A commercial lease application is a document that a landlord asks a tenant to fill out as part of the screening process to rent commercial real estate.
An office, retail store, warehouse, factory, or restaurant are examples of commercial property.
Creating a written commercial lease application helps landlords determine which potential tenants will pay rent on time. It also provides insight into other factors that make an applicant a good candidate for renting or not.
Below is a glossary of key terms found in most commercial lease applications. This glossary, as well as our commercial lease application guide, shed light on items a landlord should include in a lease application and give insight into questions to ask potential tenants.
After you familiarize yourself with the key terms in a commercial lease application, use our builder to create a commercial lease application form for your property.
Terms Starting with ‘A’
The applicant on a commercial lease application is the business or individual that will enter into a lease agreement to rent commercial space.
Terms Starting with ‘B’
Typically, a background check on a commercial lease application uncovers information, using public data sources and reports, that a landlord may find helpful when choosing a tenant.
Background checks generally produce a report that includes the full name, aliases, date of birth, marriage and divorce records, arrests, crimes committed, bankruptcies, judgments, lawsuits, traffic tickets, and available social media information for a potential tenant.
A bank reference is a bank manager’s written opinion of a customer’s creditworthiness and financial stability.
Bankruptcy occurs when an individual or business entity can no longer repay debts to creditors. Applicants with bankruptcies on their record pose a greater risk than those with a good credit background.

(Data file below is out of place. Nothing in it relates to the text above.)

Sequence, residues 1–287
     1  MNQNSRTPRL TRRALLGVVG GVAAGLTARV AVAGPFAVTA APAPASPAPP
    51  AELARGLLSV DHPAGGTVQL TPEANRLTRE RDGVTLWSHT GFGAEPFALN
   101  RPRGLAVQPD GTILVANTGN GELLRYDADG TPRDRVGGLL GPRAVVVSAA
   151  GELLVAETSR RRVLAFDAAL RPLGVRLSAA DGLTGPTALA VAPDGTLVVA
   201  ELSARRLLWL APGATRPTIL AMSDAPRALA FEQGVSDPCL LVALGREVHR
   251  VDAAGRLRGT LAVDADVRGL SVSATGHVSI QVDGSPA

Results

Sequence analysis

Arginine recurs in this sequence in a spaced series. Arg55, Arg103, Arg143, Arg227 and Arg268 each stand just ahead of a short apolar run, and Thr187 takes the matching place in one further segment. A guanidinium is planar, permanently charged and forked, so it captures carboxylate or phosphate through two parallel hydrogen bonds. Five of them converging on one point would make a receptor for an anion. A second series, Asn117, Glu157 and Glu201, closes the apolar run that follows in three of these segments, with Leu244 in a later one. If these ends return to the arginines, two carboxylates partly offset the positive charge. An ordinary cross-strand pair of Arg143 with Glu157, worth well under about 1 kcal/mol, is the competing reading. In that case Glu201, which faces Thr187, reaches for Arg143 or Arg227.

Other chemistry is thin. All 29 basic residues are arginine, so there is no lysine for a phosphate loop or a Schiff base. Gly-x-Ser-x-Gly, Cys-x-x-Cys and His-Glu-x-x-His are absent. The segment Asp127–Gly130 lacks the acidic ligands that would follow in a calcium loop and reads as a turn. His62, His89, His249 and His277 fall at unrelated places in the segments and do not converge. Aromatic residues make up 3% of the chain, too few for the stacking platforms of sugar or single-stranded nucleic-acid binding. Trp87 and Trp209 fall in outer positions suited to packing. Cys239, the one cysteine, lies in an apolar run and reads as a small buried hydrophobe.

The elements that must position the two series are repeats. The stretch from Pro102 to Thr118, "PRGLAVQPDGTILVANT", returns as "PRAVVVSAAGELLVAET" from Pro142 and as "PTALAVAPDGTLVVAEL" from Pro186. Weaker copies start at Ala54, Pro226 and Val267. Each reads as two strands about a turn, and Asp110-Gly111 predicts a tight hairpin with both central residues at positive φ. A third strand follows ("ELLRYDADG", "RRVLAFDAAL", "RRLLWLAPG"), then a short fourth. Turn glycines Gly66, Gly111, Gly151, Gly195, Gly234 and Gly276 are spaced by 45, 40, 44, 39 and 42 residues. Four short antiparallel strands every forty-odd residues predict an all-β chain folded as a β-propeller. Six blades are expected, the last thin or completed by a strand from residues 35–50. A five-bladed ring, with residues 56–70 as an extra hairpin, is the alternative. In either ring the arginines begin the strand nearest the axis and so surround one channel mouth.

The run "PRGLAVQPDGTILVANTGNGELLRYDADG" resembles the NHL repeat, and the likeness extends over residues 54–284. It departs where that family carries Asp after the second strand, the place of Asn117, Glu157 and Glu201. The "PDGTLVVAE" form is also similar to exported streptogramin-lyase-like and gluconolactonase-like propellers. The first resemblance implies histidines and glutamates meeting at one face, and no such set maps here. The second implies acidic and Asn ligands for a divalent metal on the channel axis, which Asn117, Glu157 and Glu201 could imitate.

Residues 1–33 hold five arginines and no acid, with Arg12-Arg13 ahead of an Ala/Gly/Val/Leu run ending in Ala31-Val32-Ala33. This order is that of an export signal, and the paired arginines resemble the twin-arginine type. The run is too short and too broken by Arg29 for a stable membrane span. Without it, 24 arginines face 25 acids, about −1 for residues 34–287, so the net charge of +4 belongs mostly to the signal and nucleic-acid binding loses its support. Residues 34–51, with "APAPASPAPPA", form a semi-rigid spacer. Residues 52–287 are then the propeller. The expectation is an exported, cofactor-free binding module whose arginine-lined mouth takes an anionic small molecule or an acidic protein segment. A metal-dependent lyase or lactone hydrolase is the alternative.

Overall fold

Business assets reference items of value the business owns. A business’ assets may consist of cash on hand and in savings, money in checking accounts, and IRA balances. Assets can also include property and business equipment.
Business capital is money on hand and in reserves. In its broadest term, business capital includes assets that the tenant can convert to cash to pay off debts.
Capital may be accounts receivable, insurance cash surrender, real estate, stocks and bonds, and even company vehicles.
Landlords use business financials – bank statements and a company’s financial reports – gathered for a commercial lease application to verify assets and liabilities, including money coming in and going out.
Business income is income that a business generates.
Business Lease Agreement
A business lease agreement is another name for a commercial lease agreement.
Business profit is the money left after you subtract all expenses from gross revenue.
Business revenue is the money a business generates from its normal business operations, usually calculated as the average sales price times the number of units sold.
Terms Starting with ‘C’
Commercial Credit Report
A commercial credit report is similar to a personal credit report. It is a tool a landlord uses to find a business’s creditworthiness.
Landlords often use a signed commercial lease application to run a business credit check on a potential tenant for their property.
A commercial lease details the terms and conditions of renting a commercial real estate space. Commercial leases can extend for many years.
Commercial Lease Agreement
A commercial lease agreement is a legal contract between landlord and tenant outlining the terms and conditions of renting space to operate a business on the landlord’s property.
Commercial Lease Application
A commercial lease application is a document a landlord uses to evaluate applicants who want to rent a commercial space, for example, a restaurant, office, retail space, or warehouse.
Commercial Lease Application Fee
As a landlord, you may collect a commercial lease application fee when evaluating potential tenants.
The charge for a commercial lease application fee typically ranges from $50 to $200, which the landlord will likely use to conduct the commercial credit check.
Commercial Lease Application Form
A commercial lease application form is a document that is part of the tenant screening process.
Commercial Lease Assignment
If permitted in the commercial lease agreement, a tenant or landlord may assign all interests and obligations under the original contract to another party who will continue the lease terms.
The definition of commercial property is real estate intended to generate a profit including simple office space, a storefront, a building, an entire mall, and an industrial warehouse.